Ardelt P.-L.,TU Munich | Gawarecki K.,Wroclaw University of Technology | Muller K.,TU Munich | Muller K.,Stanford University | And 11 more authors.
Physical Review Letters | Year: 2016

We report Coulomb mediated hybridization of excitonic states in optically active InGaAs quantum dot molecules. By probing the optical response of an individual quantum dot molecule as a function of the static electric field applied along the molecular axis, we observe unexpected avoided level crossings that do not arise from the dominant single-particle tunnel coupling. We identify a new few-particle coupling mechanism stemming from Coulomb interactions between different neutral exciton states. Such Coulomb resonances hybridize the exciton wave function over four different electron and hole single-particle orbitals. Comparisons of experimental observations with microscopic eight-band k·p calculations taking into account a realistic quantum dot geometry show good agreement and reveal that the Coulomb resonances arise from broken symmetry in the artificial semiconductor molecule. © 2016 American Physical Society. Source

Berkes B.B.,Eotvos Lorand University | Berkes B.B.,Karlsruhe Institute of Technology | Bandarenka A.S.,Nanosystems Initiative Munich NIM | Bandarenka A.S.,TU Munich | Inzelt G.,Eotvos Lorand University
Journal of Physical Chemistry C | Year: 2014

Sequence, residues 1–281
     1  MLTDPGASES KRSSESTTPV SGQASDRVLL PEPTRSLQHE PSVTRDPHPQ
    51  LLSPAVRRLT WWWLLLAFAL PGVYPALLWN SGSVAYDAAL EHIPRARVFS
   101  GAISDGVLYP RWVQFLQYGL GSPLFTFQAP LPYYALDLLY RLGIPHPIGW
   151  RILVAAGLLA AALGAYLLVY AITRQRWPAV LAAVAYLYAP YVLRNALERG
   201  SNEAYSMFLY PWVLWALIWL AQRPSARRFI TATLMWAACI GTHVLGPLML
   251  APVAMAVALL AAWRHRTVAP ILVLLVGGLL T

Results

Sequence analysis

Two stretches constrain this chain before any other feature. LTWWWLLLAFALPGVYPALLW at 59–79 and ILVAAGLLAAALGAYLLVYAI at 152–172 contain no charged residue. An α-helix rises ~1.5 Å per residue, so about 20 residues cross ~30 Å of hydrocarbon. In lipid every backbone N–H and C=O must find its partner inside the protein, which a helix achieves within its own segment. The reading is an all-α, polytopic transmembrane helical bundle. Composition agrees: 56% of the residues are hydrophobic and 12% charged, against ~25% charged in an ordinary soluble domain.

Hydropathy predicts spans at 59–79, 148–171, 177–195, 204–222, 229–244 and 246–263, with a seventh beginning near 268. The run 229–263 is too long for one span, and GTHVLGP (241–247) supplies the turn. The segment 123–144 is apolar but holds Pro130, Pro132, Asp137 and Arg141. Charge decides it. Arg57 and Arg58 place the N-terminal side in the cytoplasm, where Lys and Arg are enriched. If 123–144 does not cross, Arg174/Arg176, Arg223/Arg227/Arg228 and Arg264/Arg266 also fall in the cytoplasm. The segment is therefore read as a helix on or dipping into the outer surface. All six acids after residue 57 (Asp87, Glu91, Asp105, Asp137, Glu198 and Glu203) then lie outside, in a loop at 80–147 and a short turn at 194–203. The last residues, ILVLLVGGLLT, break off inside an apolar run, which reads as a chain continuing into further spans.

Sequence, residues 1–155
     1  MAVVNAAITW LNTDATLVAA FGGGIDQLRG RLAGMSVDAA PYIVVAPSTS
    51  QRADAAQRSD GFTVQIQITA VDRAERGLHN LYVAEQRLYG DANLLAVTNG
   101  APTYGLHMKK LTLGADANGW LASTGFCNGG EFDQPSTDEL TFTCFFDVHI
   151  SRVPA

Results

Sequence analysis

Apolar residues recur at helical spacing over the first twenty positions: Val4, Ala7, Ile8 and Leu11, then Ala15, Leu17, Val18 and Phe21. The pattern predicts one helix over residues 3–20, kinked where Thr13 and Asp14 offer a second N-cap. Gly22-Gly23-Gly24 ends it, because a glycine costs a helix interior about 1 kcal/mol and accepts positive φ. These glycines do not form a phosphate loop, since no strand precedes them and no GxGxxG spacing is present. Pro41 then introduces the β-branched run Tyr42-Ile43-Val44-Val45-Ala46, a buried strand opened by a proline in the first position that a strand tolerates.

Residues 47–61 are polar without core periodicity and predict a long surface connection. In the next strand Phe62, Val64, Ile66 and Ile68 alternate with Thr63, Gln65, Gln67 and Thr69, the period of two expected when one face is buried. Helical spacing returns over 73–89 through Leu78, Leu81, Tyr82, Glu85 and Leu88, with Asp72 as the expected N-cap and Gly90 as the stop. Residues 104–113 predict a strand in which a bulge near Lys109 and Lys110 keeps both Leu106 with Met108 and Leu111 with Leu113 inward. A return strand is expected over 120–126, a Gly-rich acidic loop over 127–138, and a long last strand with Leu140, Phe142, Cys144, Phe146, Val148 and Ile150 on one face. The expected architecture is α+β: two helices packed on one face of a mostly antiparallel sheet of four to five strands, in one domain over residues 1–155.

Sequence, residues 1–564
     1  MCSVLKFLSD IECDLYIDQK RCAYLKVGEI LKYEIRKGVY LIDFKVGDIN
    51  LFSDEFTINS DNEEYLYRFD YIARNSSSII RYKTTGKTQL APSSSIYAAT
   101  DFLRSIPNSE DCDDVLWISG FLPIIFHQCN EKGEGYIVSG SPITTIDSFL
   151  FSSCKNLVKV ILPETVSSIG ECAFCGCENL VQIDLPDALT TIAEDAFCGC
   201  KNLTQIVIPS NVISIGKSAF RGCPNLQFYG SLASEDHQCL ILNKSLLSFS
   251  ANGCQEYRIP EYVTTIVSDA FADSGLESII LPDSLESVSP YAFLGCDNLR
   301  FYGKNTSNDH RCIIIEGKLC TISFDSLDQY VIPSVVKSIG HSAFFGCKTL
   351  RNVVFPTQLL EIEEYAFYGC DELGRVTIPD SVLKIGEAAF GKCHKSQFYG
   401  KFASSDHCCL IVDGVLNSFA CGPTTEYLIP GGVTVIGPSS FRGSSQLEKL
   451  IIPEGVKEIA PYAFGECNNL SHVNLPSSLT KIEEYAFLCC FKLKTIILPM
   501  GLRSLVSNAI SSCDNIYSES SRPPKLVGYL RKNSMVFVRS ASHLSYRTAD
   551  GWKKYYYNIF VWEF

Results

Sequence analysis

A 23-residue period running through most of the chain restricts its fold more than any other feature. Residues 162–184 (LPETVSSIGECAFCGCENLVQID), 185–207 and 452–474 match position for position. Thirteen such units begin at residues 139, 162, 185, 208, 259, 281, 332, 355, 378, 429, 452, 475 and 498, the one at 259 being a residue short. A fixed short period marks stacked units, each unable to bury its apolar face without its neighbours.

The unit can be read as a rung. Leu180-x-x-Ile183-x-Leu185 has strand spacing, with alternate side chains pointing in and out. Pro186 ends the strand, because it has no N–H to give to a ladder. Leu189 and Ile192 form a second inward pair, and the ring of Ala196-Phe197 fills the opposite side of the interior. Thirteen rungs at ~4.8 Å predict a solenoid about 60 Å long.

Electropolymerization is a promising route to design new functional surfaces. In this work, we investigate electropolymerization of indole at polycrystalline Pt electrode surfaces in acidic sulfuric media using in situ nanogravimetry, electrochemical impedance spectroscopy, and direct current (dc) measurements applied simultaneously to elucidate the physical model of the electrified interface during this process. Monitoring the electrode mass change with a quartz crystal nanobalance allows quantification of the overall electropolymerization kinetics and, together with the dc-response, provides further insight into the dynamics of the film formation. Complementary electrochemical impedance spectroscopy measurements quantify specific parameters characterizing the processes which involve the interfacial charge transfer during the film growth. Importantly for various applications, it has been also demonstrated that the growth of polyindole thin films can be controlled using just molecular oxygen dissolved in the electrolytes. © 2015 American Chemical Society. Source

Brenneis A.,TU Munich | Gaudreau L.,ICFO - Institute of Photonic Sciences | Seifert M.,TU Munich | Karl H.,University of Augsburg | And 6 more authors.
Nature Nanotechnology | Year: 2015

Non-radiative transfer processes are often regarded as loss channels for an optical emitter because they are inherently difficult to access experimentally. Recently, it has been shown that emitters, such as fluorophores and nitrogen-vacancy centres in diamond, can exhibit a strong non-radiative energy transfer to graphene. So far, the energy of the transferred electronic excitations has been considered to be lost within the electron bath of the graphene. Here we demonstrate that the transferred excitations can be read out by detecting corresponding currents with a picosecond time resolution. We detect electronically the spin of nitrogen-vacancy centres in diamond and control the non-radiative transfer to graphene by electron spin resonance. Our results open the avenue for incorporating nitrogen-vacancy centres into ultrafast electronic circuits and for harvesting non-radiative transfer processes electronically. © 2015 Macmillan Publishers Limited. Source

Discover hidden collaborations